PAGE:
The Perimenopausal Homeschooler:: Sleep Disturbances

Welcome to The Perimenopausal Homeschooler series! Here I share some of my favorite tips for homeschooling and managing life with young children despite those lovely perimenopausal symptoms. At least when I remember. {wink} If you're new to this series, you may want to start here. {This is not just for homeschoolers. It just so happens that homeschooling is what I do with my days.}

 

 

"I just can't get to sleep. I know it's 2 a.m., but I'm laying in bed wide awake."
 

"Why, oh why did I wake up at 3:30 a.m.? I can't can't sleepy, so I guess I'm up."
 

"You're awake, too? I'm glad I'm not the only one."

 

Women in their 30's and 40's often develop sleep disturbances– difficulties falling asleep or staying asleep all night. I see my friends talking about it on Facebook all of the time. They're up in the middle of the night and can't go back to sleep. What many women do not realize is that this is a common occurrence during perimenopause and can easily be helped.
 

When I realized that I had begun the journey of perimenopause, it was because I was having sleep disturbances– namely nighttime wakefulness. I was waking at around 3:30 a.m. and could not go back to sleep for the rest of the night. It could quite some time for me to figure out that this was always happening in the first half of my cycle when estrogen should be the highest. Then I discovered that sleep disturbances are actually a symptom of perimenopause.
 

 

So what can you do to help you sleep during perimenopause?
 

 

  • No caffeine. Yep, any time of day caffeine can make it difficult to sleep at night. It may not have affected you that way before, but once in perimenopause your body works differently. {Plus, caffeine can increase your hot flashes, too.}

     

  • Stop all vigorous activity well before bedtime. It's important to let your body and mind begin to settle and relax so that you will be able to get sleepy. I have found that I even need to stop doing anything that invloves a deep level of thinking a few hours before bedtime or I won't get tired and will be awake half the night. If I'm readng, it must be very light, mindless reading. If I'm watching television, it can't be an interesting documentary or drama. It needs to be pure entertainment. If I'm knitting or crocheting, it needs to be a simple pattern. If I'm knitting lace, I'll just keep going all night long without a glimmer of sleepiness.

     

  • Remifemin! The best thing that I ever did for my sleep was to start taking Remifemin. (A brand of standardized black cohosh that has been used and tested in Europe for something like 30 years) It takes 6 weeks to really start seeing the benefits of Remifemin and 12 weeks to see the full benefits, but it is sooo worth the wait! It helps my nighttime wakefulness, insomnia, moodiness, and anxiety.

 

If you are in your 30's or 40's and are having dfficulties sleeping, you may want to have a look at this list of perimenopausal symptoms.
 

Perimenopause often begins far before we expect it.

 

Do you have perimenopausal sleep difficulties? What remedies have you found helpful?

 

 

If you have any questions about managing life or homeschooling in the midst of perimenopause, please leave your question in the comments.We can share with one another the things that we have found helpful, or not so helpful. You may also find this post helpful to understand what perimenopause is. There's power in numbers, ladies!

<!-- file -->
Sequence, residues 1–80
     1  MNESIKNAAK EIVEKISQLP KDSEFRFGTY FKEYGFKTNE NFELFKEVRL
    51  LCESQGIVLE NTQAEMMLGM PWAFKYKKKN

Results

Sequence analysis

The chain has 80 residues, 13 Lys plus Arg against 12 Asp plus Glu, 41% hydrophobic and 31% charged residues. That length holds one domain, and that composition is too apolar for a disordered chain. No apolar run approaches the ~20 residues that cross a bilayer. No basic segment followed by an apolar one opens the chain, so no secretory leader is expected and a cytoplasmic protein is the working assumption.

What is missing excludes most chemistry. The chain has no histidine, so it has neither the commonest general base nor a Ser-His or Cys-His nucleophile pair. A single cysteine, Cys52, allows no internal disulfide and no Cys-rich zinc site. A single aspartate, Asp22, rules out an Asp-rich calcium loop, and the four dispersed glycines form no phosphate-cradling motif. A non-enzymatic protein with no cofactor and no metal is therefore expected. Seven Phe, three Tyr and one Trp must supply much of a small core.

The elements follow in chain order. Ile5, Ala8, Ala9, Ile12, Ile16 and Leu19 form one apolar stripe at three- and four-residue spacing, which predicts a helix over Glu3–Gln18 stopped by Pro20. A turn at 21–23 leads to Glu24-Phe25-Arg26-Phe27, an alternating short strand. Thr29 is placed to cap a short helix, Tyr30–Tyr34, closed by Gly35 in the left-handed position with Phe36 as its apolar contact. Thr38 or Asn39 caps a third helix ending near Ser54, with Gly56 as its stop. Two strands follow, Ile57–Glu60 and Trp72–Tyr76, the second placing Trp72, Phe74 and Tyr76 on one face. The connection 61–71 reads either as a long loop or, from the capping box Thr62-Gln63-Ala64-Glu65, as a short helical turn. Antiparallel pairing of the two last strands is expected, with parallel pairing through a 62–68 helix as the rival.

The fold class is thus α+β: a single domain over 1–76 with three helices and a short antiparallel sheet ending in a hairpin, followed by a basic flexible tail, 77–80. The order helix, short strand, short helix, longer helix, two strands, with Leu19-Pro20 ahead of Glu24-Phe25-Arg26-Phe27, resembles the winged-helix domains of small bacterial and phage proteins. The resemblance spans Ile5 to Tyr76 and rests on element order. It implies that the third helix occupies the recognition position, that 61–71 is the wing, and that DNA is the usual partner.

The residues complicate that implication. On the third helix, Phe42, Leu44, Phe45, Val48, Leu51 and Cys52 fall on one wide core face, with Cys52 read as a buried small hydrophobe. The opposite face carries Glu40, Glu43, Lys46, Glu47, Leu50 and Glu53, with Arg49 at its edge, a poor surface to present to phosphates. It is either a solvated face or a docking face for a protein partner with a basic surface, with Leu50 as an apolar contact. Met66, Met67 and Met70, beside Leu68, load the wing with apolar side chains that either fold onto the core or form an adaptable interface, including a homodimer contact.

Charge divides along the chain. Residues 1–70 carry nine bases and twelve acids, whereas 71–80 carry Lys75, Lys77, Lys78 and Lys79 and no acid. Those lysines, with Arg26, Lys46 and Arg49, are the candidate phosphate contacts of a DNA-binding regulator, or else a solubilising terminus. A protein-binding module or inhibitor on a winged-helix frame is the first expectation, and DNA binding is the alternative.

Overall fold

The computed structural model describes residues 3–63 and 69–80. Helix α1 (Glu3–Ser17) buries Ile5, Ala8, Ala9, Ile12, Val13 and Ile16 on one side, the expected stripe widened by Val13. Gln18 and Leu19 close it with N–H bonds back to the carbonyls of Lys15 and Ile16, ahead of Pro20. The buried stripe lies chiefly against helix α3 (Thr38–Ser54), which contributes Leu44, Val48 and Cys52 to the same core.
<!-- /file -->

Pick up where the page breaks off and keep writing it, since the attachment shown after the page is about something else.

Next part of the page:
Come back in 4 weeks for the next Perimenopausal Homeschooler post, or subscribe and I'll send it straight to your inbox.

 

I got most of my information (and help) from The Change Before the Change : Everything You Need to Know to Stay Healthy in the Decade Before Menopause by Laura E. Corio, M.D. Remember, I am not a doctor. Before you start any sort of supplement, you should speak with your doctor to make sure that it is a good fit for you.

5 thoughts on “The Perimenopausal Homeschooler:: Sleep Disturbances

  1. Ever since reading your posts and talking with you, I don’t feel like I am going crazy anymore! 😉 Thank you for sharing what you have learned! 🙂

  2. Encouraging info. I have been suffering with middle of the night insomnia for years now. I have been so sleep deprived at times that I could barely function. My doctor has given me a medication to take occasionally and it has been a tremendous help. I also believe using prayer to calm yourself down before sleeping is wonderful. It really helps to take your stress and worries and give them to the Lord. 🙂

  3. I have this symptom occasionally. It used to be every night, but I think it was also associated with some heavy-duty stress I was having. I sometimes take melatonin, and that seems to help. I took it nightly for a while and it felt like a miracle! It seemed to wear off, though, so I quit taking it. Now I just take it occasionally and it helps again.

  4. Hi there! I know this is an old post but I’ve enjoyed reading your series on perimenopause.

    I have a question: Did you give up coffee? Where you a big coffee drinker?

    I love coffee. I drink 4 cups a day-2 in the a.m. and 2 after lunch. I only have trouble sleeping when Aunt Flo is visiting. :-/

    I was just wondering if you completely gave up coffee and if it helped.

    Many Thanks!

    1. I completely gave up caffeine. It did not help at all. I’m still up at 4 am many mornings and I switched to decaf three years ago. It did not help my mother either.

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